# Pipe Sizing Calculation – Part 7: Reading Moody’s Friction Factor from Chart

Moody friction factor will be used as another input for the D’arcy-Weisbech equation which is used for calculating the final pressure drop of the piping system design calculation example. The Moody’s factor can either be calculated by using Colebrook equation or by using Moody diagram. We will use the diagram for finding out the friction factor value for our water pipe sizing calculation example problem.

Image Source: Wiki

How to Read the Moody Diagram

1. Find out the curve most closely matching with your relative roughness value.

For our example problem, we already found out the value of the relative roughness in Part-5 as 0.0075. So I will use the 6th curve (0.01) from the top.

1. Find out the intersection point of the relative roughness curve and the calculated Reynolds number.

For our example problem, we already calculated the value of the Reynolds number in Part-6 as 35592.84. I have marked the approximated intersection point for our example by red dot in the above Moody chart.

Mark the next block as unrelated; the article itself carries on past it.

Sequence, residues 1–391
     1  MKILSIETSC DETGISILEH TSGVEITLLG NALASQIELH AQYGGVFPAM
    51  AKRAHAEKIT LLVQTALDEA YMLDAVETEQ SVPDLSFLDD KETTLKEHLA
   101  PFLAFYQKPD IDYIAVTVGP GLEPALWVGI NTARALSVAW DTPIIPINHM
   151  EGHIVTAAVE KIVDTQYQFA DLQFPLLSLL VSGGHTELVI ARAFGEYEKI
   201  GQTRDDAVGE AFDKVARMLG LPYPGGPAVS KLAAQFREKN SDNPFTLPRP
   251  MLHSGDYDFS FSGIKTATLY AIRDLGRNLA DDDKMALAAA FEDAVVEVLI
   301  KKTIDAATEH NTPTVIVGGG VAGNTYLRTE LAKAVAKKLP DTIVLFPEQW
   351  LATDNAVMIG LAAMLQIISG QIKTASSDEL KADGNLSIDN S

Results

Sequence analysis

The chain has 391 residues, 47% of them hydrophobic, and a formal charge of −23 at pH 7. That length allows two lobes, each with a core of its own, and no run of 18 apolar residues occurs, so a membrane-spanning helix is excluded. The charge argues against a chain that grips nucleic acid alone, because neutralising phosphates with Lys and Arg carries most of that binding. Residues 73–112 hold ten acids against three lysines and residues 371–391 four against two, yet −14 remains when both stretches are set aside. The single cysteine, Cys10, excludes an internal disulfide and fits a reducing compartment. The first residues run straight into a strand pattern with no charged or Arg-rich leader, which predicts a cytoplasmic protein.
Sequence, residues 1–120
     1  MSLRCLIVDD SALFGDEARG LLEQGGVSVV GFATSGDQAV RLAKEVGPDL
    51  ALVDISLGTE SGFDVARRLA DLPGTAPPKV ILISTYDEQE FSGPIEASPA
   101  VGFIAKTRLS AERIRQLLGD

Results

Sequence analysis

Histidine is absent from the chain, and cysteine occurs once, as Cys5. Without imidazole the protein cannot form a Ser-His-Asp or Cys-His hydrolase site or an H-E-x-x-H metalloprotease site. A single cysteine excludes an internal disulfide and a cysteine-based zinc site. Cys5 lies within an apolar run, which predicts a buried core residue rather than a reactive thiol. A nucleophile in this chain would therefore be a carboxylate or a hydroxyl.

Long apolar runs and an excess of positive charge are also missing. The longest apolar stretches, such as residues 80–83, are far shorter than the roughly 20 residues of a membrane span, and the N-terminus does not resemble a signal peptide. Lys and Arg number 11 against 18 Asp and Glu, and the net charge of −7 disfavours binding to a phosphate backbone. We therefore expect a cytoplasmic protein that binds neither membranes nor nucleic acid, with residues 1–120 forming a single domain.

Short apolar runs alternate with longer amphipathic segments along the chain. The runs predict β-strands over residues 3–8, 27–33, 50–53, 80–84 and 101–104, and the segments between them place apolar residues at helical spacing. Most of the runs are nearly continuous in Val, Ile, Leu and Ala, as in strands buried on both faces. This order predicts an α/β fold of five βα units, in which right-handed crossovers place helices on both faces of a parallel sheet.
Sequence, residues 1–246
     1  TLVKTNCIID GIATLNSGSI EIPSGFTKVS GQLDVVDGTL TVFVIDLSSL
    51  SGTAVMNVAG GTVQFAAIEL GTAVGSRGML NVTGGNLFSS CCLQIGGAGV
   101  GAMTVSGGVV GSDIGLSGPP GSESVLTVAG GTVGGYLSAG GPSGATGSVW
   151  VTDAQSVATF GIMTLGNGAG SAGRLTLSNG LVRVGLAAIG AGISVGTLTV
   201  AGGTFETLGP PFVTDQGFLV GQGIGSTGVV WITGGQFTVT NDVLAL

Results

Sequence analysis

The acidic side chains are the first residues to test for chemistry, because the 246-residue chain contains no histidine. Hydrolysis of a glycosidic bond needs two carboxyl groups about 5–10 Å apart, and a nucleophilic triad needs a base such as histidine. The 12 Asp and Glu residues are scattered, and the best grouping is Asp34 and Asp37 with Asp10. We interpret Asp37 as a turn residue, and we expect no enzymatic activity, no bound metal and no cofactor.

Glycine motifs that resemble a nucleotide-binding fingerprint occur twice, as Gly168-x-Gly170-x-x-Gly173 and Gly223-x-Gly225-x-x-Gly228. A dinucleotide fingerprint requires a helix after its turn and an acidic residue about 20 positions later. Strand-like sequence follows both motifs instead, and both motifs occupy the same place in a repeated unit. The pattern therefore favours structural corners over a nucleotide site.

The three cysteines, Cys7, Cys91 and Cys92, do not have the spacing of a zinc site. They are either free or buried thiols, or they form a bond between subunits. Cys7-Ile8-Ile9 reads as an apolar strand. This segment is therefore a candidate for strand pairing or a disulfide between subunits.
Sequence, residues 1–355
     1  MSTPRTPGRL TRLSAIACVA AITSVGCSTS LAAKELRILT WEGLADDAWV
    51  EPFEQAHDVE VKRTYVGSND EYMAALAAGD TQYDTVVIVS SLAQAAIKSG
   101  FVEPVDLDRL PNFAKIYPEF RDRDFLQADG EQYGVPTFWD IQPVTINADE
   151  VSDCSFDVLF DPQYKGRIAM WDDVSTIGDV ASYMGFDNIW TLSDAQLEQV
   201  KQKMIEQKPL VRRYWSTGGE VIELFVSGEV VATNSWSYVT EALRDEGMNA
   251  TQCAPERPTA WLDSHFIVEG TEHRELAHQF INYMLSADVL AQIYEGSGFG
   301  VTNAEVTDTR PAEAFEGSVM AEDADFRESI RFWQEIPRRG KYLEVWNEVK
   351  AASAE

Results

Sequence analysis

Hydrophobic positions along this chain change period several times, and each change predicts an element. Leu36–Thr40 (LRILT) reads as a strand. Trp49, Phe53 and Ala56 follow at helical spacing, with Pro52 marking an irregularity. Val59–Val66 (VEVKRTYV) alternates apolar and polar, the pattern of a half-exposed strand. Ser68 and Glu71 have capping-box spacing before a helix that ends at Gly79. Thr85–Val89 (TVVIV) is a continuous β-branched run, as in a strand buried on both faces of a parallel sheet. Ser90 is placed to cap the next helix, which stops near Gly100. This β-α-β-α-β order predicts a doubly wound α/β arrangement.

1. Draw a horizontal line from the intersection point towards the friction factor axis to find out the approximate friction factor value. Adjust the friction factor value according to the difference between the actual relative roughness value and the relative roughness curve you have selected initially.

For our example, the approximate Moody friction factor value is coming around 0.04. And after adjusting the final friction factor comes to 0.035.

In the next part (Part-8) of this piping sizing calculation tutorial we will use the D’arcy-Weisbech equation to find out the final pressure drop.

## 3 thoughts on “Pipe Sizing Calculation – Part 7: Reading Moody’s Friction Factor from Chart”

1. Kunall5 says:

2. Kunall5 says:

3. Candy says:

Hi, doesn’t the red dot indicate a Reynolds number of 2x10E4? For a Reynolds of 3.6x10E4, shouldn’t the red dot be located halfway between 1x10E4 and 2x10E4? Also, with adjusting the final value of the friction factor, if 0.035 is the actual friction factor value, wouldn’t this correspond to the relative roughness of 0.005 (instead of 0.0075 in the question)? The friction factor I got for Re = 3.6x10E4 and relative roughness = 0.0075 is around 0.04. Am I correct?

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